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Hemispheric Social Alliance

Alternatives  for the  Americas


The Hemispheric Social Alliance (HSA) brings together a broad range of organizations from throughout the Americas united by the conviction that any form of economic integration among our nations must serve first and foremost to promote equitable and sustainable development for all of our peoples. The members of the HSA, whether labor unions or environmentalists, family farmers or scholars, indigenous people or women, have been working for years to oppose the implementation of so-called neoliberal policies in our respective countries. In addition to our shared critique of the negative impacts of that model, we are united by our conviction that we must move forward with both feet, combining protest with proposal, developing a common vision about what an alternative form of integration might look like. This document expresses our determination to construct an alternative to the dominant integration model based on the proposals described herein.

The Hemispheric Social Alliance rejects the extension of the North American Free Trade Agreement (NAFTA) to the rest of the hemisphere, as well as any accords based on the neoliberal model. We will oppose any agreement drafted along those lines. At the same time, we see the defeat of freetrade agreements as only the first step. We refuse to accept a status quo that continues to marginalize vast sectors of our populations and to degrade our environments. Driving our collective work on alternatives is the sense that the neo-liberal economic model has been a disaster for most of the peoples of the hemisphere, and because of that we must deliberate, propose and struggle for a different model.

Peasants whose labor once fed their nations and themselves are forced to export risky "cash crops" to bring in foreign currency and to provide the well-to-do in the North with meat and fresh produce throughout the year. At the same time, local markets have been flooded with subsidized agricultural products from the North, leading them to bankruptcy. This has resulted in hunger for many and reduced food quality for others, and has driven hundreds of thousands of small farmers from their lands.

This growing export dependency has added to the plight of landless peasants, particularly in countries where the ownership of the bulk of agricultural land is concentrated in a small number of hands. In Brazil, for example, despite decades-long promises of land reform, one percent of land owners control 44 percent of the lands. In recent years private militias and police have killed several hundred landless peasants participating in peaceful occupations of idle or underused lands belonging to wealthy landowners.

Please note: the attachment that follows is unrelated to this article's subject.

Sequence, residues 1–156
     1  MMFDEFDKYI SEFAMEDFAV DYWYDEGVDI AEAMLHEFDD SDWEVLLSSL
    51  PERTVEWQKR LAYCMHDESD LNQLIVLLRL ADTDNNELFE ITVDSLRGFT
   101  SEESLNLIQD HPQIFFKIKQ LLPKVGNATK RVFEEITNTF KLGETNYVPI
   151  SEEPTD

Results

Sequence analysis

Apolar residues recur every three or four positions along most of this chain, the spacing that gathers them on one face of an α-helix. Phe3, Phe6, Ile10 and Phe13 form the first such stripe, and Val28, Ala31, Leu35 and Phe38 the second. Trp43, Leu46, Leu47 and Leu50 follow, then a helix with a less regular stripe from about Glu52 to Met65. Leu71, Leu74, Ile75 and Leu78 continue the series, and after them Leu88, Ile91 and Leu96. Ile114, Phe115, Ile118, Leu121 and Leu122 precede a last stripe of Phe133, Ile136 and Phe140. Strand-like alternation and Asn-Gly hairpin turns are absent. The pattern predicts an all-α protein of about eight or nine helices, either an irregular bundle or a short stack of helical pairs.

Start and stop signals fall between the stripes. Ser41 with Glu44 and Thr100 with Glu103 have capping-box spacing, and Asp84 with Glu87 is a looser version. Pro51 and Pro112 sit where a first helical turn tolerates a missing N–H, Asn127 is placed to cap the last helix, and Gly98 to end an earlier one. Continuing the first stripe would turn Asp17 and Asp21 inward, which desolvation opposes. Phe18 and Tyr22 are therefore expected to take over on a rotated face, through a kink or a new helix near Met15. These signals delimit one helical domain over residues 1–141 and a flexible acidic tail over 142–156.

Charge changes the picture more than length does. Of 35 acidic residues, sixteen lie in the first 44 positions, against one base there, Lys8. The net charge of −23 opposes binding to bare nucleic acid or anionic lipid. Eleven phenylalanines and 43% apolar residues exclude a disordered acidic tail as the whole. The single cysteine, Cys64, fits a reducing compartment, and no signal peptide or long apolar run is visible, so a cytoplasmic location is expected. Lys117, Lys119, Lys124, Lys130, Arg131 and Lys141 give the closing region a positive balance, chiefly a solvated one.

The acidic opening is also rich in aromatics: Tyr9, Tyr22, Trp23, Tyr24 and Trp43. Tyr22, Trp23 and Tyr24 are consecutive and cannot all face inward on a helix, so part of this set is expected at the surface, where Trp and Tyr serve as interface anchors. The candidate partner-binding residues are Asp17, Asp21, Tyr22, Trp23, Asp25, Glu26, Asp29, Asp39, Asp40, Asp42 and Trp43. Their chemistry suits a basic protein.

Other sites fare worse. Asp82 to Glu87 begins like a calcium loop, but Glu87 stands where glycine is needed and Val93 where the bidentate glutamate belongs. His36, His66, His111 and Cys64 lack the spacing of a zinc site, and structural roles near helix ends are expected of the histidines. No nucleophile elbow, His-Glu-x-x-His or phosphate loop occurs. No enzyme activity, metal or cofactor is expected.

With the decline of subsistence agriculture, young women and indigenous peoples have often been forced into our hemisphere's export processing zones, particularly in Mexico and Central America. Paid less than a living wage, they are forced to live in squalor and often subjected to sexual harassment. Long working hours strain their family ties and limit their educational opportunities.

Peasants forced to abandon their lands sometimes come to cities in the hemisphere to seek work. But what many find is unemployment and poverty and a life in the "informal economy," since a great deal of domestic manufacturing has been eliminated by the penetration of transnational corporations and rules that block efforts to strengthen the domestic economy.

Other displaced peasants come north and are met by the militarization of the U.S. border with Mexico, new laws that violate their civil and labor rights, and racist hysteria promoted by right-wing politicians and their constituencies.

The substitution of subsistence farming with agriculture export production has also had serious impacts on local environments and standards of living. It threatens biodiversity and water and soil quality and neither benefits nor respects farmers’ or consumers’ interests and rights.

Neo-liberal rules to deregulate capital markets, combined with new telecommunications technologies, have opened our nations to the vagaries of hot money. Speculators pull their money in and out of our nations at will, leaving misery in their wake as usurious interest rates and currency devaluations slash the buying power of our wages and drastically reduce opportunities for livable wage work. Argentina is the latest nation to undergo a devastating economic crisis caused in part by the privatization and deregulation of financial markets permitting massive capital flight.